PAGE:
I believe that nurses in Italy are prepared, but not always, and not all are valued. The spirit of self-denial made it possible for us to face the pandemic in the best possible way, but we need better management of personnel resources. Health is essential, and it is a right. You cannot always rely on the good sense of the nursing profession. It is indeed a job, but it requires significant human resources. Those who work in health care work constantly in suffering. Let's not forget that. It is necessary to have the time and the possibility of recovering physical but above all mental energies. Italy boasts of a great nursing class.
For Arcangelo Russo, a nurse in charge of health management at the Rizzoli Hospital in Ischia, we have dedicated further questions.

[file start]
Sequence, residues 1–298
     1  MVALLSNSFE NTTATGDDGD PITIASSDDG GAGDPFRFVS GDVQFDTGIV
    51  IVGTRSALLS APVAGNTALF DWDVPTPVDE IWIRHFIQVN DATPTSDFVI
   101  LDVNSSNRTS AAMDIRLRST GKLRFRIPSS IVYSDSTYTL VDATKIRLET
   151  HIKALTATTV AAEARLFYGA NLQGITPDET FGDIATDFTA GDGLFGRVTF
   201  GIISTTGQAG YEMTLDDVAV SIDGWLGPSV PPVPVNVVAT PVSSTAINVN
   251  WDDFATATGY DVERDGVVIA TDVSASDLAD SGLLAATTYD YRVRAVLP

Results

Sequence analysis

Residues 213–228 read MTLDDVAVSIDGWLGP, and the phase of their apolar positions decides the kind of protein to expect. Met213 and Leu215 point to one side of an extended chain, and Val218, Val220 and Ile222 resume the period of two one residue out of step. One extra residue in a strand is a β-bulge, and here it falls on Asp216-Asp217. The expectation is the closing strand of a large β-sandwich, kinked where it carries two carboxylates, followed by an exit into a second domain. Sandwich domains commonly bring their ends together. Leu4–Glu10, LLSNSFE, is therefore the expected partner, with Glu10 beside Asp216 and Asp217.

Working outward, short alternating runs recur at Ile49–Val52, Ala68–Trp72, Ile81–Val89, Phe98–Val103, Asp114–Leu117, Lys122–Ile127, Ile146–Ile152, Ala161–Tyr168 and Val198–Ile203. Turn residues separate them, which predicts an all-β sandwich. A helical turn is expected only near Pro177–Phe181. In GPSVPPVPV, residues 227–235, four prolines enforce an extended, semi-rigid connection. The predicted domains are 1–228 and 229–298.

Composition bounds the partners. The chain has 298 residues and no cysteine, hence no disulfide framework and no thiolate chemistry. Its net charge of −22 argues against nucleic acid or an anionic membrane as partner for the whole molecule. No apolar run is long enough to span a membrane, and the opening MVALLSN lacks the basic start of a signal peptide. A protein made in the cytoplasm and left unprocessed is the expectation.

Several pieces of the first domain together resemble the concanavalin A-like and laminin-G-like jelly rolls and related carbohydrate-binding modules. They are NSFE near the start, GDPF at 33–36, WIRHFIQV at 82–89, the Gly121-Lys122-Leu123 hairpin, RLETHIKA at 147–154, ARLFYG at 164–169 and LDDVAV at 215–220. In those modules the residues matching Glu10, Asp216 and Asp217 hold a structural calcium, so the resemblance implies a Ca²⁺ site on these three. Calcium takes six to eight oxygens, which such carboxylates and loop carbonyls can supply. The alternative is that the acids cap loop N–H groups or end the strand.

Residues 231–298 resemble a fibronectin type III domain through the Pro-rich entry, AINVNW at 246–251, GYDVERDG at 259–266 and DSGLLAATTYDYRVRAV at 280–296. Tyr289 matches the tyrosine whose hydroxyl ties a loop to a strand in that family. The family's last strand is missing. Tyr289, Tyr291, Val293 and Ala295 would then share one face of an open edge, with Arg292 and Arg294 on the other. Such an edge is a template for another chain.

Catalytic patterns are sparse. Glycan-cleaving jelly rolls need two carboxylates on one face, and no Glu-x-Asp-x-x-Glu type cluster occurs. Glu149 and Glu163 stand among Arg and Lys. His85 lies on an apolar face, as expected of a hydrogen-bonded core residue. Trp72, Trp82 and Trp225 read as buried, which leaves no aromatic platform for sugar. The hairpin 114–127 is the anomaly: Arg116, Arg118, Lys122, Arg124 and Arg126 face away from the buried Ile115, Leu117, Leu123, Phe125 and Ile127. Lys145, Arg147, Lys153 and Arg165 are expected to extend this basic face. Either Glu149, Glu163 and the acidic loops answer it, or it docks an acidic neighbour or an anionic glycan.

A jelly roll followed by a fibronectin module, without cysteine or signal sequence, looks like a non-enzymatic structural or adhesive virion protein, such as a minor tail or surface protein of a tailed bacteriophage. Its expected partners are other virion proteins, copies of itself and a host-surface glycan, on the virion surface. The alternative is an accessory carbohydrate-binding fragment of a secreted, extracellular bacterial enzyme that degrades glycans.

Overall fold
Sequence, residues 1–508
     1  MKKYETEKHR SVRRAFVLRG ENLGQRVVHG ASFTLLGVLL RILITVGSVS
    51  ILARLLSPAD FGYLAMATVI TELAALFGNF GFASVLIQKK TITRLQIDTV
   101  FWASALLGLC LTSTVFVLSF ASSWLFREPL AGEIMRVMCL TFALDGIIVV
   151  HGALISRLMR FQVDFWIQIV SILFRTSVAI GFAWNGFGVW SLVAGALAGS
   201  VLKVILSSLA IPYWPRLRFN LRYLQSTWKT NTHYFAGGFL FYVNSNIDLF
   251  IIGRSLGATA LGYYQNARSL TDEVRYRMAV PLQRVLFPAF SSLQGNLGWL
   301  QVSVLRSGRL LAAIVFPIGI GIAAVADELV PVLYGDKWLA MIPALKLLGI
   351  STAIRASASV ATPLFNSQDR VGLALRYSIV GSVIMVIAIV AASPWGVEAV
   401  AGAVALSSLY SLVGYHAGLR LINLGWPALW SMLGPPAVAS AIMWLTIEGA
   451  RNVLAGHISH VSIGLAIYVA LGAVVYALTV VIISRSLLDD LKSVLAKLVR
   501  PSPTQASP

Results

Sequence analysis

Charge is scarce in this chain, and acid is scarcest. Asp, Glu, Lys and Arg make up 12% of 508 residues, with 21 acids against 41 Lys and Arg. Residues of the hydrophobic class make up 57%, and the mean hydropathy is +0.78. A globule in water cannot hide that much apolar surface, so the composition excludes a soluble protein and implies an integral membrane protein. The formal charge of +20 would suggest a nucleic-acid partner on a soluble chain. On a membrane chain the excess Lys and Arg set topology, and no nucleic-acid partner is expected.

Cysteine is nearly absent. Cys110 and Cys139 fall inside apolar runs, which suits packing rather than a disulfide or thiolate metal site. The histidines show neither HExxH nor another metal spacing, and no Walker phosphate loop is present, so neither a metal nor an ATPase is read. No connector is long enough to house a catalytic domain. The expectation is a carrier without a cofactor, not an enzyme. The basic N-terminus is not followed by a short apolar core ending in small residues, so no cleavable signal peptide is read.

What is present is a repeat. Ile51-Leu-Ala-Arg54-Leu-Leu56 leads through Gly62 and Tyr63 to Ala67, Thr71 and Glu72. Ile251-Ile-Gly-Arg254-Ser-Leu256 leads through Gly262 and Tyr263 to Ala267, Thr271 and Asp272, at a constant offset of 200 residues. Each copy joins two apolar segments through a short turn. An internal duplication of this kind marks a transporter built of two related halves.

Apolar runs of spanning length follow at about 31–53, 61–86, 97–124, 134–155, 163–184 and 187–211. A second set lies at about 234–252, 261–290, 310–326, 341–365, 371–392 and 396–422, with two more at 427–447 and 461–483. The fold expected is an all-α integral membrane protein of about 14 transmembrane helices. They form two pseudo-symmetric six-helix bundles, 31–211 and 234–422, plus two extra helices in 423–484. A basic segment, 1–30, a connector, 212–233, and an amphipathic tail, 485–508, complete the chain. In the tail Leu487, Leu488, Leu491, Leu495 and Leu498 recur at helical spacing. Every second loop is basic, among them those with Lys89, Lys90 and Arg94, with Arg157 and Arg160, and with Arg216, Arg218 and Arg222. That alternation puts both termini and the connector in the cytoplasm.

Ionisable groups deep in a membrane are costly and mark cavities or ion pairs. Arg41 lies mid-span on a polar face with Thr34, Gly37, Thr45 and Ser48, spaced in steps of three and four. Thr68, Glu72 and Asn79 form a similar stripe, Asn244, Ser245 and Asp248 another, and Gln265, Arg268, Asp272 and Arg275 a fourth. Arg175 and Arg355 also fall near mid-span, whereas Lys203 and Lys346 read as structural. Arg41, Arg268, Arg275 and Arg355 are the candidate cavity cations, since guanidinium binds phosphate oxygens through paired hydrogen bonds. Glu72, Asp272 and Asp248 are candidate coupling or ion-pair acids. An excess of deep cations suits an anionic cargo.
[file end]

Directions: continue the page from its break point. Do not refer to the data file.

- Do you consider your job a mission?
This job is a mission to the extent that you want it to be. In reality, I do not perceive my work as such, it is a profession, which can be seen as a mission, but it is not. It is a profession, which can be seen as a mission, but it is not. Like all other professions, it depends on how you devote yourself to it.
- When did the presence of the virus on our island become unequivocal?
We can define ourselves as precursors: on 2 March 2020, a tourist from Brescia was identified as being positive, and we managed to transfer him with a biocontainment stretcher, followed by the rest of the holiday group with a Red Cross vehicle. Probably the moment we realised there was a problem on the island was when the case of the islander Claudio Picconi came up. In those difficult circumstances, with the patient in intensive care, it was essential to understand how to rescue him in the most efficient way, even if the doctors felt unprepared.